What Happened, America?

What happened America?
Michelle Obama and Jackie Kennedy
This photo showed up on my Facebook timeline the other day, and for the first time in a long time I physically shook my head and rolled my eyes in contempt at my computer screen. After gathering myself and deciding against a mini-social media tirade/melt-down, I took a deep breath and contemplated the stupidity of the implications contained within it. And then sat on all of the things I wanted to say for a week.

On the left, sits a demure and silent Jackie Kennedy. Pristine and smiling, but hard as nails underneath. All the while, unable to show her strength outwardly for the sake of propriety. And then, on the right, we have Michelle Obama – passionate, confident, and animated. A woman unashamed of her beliefs, her passion and her pure physicality. All politics aside, I know which kind of woman I was brought up to be, and it wasn’t the one who would sit back and take everything on the chin while portraying an image of physical and emotional perfection. No, I personally am much more Obama than I am Kennedy.

And there’s one reason for that. One big reason filled to the brim with millions of tiny implications wrapped inside it. That thing that happened to America and happened to me is the very same thing that has had women striving for equality in the workplace and at home for the last four decades. It’s the driving force between having a choice and a voice – or not.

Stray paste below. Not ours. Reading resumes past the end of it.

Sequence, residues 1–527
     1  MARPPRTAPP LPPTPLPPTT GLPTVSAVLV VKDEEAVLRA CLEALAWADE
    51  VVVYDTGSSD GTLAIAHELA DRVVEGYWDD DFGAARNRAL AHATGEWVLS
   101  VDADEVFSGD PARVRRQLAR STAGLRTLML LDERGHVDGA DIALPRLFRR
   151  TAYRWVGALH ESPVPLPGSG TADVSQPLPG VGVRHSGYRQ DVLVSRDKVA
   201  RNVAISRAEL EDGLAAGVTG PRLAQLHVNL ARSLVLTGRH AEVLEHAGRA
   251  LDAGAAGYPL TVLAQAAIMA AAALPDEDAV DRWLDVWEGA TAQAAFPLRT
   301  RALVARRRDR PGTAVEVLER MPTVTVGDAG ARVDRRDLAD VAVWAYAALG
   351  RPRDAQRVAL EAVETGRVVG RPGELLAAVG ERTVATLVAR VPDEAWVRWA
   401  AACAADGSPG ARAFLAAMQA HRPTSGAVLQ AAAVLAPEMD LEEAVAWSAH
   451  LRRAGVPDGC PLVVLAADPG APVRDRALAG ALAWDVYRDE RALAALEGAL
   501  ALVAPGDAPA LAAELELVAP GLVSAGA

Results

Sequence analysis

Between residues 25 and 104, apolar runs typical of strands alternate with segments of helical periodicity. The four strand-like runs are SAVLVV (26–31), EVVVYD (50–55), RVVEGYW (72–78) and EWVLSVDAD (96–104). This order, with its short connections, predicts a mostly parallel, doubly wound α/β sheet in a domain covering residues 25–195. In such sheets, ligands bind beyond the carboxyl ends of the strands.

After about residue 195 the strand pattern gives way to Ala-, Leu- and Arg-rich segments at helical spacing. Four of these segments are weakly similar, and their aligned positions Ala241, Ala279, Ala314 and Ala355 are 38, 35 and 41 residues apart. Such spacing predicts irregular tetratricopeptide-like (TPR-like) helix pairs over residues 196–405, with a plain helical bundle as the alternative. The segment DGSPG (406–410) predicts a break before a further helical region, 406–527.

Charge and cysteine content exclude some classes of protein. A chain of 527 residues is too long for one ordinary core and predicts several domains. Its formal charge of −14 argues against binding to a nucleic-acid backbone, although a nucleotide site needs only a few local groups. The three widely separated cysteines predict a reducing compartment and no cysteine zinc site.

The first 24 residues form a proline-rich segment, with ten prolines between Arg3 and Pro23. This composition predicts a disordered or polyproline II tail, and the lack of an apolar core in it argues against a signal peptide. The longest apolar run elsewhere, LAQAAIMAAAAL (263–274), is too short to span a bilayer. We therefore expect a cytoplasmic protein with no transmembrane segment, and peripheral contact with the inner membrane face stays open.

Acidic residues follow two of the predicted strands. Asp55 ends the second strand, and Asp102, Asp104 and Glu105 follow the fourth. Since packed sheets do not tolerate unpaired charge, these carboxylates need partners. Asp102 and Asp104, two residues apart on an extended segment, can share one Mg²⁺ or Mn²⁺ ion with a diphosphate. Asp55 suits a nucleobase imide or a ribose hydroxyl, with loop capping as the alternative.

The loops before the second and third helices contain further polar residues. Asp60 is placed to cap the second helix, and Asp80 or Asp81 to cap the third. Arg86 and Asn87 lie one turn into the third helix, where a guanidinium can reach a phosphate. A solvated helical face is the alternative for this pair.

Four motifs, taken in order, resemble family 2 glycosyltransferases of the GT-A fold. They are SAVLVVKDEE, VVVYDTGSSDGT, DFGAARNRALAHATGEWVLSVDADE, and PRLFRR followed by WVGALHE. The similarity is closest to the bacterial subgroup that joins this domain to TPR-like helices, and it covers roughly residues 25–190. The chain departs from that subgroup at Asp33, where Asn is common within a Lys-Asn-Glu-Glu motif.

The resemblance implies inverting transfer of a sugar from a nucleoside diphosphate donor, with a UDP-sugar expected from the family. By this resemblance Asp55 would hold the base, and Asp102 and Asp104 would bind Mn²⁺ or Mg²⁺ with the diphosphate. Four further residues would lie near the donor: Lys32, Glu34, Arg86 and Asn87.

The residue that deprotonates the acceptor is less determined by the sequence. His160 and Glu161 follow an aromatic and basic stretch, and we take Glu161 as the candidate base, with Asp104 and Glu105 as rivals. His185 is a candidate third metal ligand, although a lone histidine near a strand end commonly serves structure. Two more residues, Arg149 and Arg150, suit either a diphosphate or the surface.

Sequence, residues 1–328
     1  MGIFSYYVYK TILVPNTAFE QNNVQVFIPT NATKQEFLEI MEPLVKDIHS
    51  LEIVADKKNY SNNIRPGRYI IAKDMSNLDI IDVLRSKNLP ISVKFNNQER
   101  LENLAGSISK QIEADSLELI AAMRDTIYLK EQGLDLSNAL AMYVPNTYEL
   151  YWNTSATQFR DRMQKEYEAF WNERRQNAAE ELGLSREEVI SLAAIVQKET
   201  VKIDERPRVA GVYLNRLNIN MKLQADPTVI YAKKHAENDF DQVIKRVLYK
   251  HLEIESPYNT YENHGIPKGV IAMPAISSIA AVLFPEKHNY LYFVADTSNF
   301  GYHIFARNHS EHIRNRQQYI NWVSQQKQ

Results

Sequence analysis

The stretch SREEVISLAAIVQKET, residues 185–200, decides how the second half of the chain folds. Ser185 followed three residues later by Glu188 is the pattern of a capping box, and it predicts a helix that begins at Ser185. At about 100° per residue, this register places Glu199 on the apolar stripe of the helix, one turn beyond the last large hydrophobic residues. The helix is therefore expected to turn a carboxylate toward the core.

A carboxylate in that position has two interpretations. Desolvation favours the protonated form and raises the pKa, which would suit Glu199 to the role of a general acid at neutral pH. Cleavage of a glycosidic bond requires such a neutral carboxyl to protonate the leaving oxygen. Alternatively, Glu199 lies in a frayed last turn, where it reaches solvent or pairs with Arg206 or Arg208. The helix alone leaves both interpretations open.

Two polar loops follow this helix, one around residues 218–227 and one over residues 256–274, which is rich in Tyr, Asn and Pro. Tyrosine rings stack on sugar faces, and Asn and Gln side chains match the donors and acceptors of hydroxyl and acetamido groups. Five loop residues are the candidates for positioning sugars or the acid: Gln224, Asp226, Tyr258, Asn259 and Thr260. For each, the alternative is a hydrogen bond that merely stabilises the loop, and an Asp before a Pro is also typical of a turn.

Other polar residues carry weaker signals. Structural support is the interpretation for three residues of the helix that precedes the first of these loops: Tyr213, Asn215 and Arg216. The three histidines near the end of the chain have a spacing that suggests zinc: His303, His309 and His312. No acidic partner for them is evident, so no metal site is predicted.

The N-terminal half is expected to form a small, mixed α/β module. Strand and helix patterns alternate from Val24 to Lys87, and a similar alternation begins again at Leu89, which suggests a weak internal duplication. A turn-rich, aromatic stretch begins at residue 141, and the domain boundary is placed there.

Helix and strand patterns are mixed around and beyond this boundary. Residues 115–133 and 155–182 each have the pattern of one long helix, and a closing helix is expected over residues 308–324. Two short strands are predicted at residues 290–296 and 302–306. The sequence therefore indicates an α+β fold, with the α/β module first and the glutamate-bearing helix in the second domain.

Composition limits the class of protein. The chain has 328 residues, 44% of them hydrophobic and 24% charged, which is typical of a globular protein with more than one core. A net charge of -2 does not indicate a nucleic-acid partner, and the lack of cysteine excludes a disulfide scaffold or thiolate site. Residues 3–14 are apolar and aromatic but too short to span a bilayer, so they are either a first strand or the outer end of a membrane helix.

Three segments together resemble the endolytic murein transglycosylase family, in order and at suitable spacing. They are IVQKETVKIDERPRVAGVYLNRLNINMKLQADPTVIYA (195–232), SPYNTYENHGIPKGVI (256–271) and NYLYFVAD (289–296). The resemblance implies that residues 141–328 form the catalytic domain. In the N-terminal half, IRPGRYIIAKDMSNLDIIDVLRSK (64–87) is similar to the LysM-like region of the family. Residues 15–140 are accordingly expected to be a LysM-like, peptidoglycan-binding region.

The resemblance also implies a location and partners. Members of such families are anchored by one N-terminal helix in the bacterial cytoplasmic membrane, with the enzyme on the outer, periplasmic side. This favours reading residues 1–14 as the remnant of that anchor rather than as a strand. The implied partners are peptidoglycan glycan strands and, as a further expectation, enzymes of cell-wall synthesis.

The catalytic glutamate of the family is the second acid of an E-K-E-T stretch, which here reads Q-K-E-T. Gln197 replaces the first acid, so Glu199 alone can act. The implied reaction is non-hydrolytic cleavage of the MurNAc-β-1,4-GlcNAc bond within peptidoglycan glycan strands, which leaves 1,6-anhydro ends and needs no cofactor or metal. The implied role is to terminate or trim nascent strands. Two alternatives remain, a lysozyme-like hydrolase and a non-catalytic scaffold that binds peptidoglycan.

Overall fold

That thing is progress.

Progress happened to America.

I feel for Jackie Kennedy in a way. She was a prisoner of not only the times she was living in, but of the strong men around her. Her husband’s ambition and his infidelities were more important than having a public voice. She was a strong woman for sure, she didn’t bend nor buckle under intense scrutiny or pressure. But, by the same token, she did not lead Jackie ofrom the front (in fact she often stood in the background). Nor did she ever speak up against a man who did her wrong over and over and over again. Jackie Kennedy was known for her flawless body and her fashion sense. She was a mother and a wife – and she filled those roles in the way that she was mandated to. Quietly, full of grace and dignity, and seemingly unsuffering.